People don’t easily adapt to technology but the new ICT have the potential to adapt to people’s needs
However, during the last few years more and more good practices have emerged. These demonstrate how to use the new technologies as tools to support formal and informal learning and how to create a new learning environment. New learning models have been tested, new pedagogical approaches pioneered, and new “cocktails” of technology and traditional approaches have been mixed. IBM has been one of the pioneers in deploying a blended learning approach for its internal management development programs. Knowledge Management had its own hype-cycle and now we see areas of informal learning that have evolved as Knowledge Management programs merging into a broader stream of e-learning implementations.
We have gained a much better understanding for what purposes we can effectively use e-learning and where its limitations lie. So why isn’t e-learning taking off in a big way in our daily lives - in schools, universities and in companies ? Why are the numbers of people who report great experiences that they have had with e-learning still somewhat limited ? Why are the best practices that we have seen emerging in many places not spreading much faster?
There is a reason for this, we have thousands of exciting and interesting experiments, however they are not scalable, and in many cases they are incompatible. The best ideas and practices are not transferable and not reusable in environments other than those where they have been developped. We have created many little gardens with little houses often with walls around them, with nice individual arrangements of plants and flowers - but with little capabilities to walk around beyond one’s individual space and talk to our neighbors. Every door has a different system to ring the doorbell, a different way to enter and the furniture cannot be used in any other house.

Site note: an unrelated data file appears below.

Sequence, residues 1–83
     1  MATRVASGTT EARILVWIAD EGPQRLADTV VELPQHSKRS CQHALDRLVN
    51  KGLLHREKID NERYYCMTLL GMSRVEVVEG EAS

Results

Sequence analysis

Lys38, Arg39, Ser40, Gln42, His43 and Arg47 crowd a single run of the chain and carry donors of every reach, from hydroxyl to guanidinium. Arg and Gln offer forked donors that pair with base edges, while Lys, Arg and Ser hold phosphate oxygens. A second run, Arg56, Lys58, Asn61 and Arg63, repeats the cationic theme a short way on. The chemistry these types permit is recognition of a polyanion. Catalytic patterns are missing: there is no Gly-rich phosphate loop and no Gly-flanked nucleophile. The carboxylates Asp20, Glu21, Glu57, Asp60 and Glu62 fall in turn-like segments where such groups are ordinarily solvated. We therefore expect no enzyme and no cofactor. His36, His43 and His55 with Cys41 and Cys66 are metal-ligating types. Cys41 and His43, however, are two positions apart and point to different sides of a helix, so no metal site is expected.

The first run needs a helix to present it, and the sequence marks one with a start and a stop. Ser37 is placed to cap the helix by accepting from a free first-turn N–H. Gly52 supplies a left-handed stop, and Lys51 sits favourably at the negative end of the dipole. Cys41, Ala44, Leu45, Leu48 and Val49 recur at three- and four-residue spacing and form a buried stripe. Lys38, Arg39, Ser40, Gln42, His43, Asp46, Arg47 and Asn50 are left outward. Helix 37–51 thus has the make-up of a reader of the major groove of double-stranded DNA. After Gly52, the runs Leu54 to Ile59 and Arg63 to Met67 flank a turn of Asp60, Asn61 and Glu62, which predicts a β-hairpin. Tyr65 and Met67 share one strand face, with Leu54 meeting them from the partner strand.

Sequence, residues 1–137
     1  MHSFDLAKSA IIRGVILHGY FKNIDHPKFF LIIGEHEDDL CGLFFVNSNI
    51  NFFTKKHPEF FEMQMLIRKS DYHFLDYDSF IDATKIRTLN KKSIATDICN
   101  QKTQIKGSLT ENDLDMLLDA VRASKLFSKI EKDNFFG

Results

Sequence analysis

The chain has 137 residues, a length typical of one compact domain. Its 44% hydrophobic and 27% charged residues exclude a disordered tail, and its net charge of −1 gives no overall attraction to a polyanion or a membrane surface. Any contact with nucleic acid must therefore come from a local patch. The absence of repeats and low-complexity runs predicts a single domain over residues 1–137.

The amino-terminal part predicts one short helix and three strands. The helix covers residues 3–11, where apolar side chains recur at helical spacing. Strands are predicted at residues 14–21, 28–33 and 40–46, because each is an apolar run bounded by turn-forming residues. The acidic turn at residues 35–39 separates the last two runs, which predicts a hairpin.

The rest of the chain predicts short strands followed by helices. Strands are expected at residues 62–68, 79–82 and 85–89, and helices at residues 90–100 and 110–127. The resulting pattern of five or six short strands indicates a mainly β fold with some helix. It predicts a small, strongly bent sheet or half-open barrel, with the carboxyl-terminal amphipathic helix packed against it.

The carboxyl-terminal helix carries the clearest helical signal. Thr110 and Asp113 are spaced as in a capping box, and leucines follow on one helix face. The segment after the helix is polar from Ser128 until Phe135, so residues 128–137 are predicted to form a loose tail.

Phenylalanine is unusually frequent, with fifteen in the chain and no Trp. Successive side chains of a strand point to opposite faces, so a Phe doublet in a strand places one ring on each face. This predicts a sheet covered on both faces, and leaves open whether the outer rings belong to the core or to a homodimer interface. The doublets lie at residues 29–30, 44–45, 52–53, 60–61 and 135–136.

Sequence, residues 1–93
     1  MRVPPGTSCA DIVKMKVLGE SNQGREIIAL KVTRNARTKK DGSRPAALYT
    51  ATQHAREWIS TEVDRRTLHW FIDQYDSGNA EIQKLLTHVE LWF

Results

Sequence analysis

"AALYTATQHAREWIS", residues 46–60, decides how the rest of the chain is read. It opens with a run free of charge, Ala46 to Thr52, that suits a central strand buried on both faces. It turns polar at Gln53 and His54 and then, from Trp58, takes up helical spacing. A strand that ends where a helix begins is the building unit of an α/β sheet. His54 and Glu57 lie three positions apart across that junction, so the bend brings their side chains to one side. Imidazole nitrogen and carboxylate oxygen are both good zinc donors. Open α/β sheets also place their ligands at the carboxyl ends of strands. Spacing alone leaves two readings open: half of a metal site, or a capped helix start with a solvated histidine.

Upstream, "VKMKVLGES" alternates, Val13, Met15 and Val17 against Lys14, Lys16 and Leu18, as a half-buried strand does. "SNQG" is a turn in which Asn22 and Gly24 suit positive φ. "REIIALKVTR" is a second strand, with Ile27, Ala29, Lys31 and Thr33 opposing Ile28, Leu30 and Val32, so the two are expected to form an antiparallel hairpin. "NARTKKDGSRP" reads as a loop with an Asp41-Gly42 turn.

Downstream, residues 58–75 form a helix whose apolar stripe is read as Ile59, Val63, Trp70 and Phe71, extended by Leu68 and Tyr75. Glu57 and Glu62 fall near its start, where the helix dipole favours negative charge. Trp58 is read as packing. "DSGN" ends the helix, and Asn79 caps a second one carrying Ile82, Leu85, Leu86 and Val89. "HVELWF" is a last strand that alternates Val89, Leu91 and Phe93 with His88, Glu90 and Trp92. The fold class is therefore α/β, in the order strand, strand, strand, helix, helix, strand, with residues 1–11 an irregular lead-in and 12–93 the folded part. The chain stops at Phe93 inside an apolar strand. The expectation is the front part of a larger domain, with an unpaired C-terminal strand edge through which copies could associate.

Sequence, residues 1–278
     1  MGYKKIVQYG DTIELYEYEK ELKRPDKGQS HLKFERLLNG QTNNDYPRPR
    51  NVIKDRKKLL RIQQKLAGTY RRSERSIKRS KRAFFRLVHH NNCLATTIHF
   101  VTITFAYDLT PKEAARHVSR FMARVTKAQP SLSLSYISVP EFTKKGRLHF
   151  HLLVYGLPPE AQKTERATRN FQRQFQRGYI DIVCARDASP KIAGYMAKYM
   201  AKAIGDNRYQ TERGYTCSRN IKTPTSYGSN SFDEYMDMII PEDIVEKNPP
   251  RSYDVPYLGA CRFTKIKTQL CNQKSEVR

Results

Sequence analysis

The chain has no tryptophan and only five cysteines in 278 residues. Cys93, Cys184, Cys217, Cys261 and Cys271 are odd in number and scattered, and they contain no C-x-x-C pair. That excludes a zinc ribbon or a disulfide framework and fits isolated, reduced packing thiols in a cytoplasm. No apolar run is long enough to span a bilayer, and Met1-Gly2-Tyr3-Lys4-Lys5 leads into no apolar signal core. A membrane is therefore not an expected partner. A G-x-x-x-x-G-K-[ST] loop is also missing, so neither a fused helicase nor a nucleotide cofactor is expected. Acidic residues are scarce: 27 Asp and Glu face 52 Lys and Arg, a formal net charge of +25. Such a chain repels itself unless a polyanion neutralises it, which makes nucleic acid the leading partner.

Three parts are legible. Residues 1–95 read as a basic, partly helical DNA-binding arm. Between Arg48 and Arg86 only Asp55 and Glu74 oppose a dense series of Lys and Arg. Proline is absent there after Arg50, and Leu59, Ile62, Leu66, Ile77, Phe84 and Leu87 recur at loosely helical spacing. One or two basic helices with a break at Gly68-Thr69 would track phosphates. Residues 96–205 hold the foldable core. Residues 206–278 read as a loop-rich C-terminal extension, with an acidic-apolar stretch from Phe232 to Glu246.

Looking for the capability to broadly share and exchange e-learning content
It is quite clear that we are looking for something different, be it the capability to share and exchange e-learning content regardless of where it has been produced or access to the learning resources at a given moment from wherever we me may be with whatever access device we use. This can range from laptop computers to PDAs to mobile phones. We would want to identify the best learning resources for our individual skills needs and be able to identify the sources of this information. These resources should be high quality and provide us content in various formats ranging from simple text to advanced digital multimedia. We would also like to have someone to support us personally if we get lost in the maze of the network and we will want someone who can accompany our learning process and advise and council us which route to take and which traps to avoid.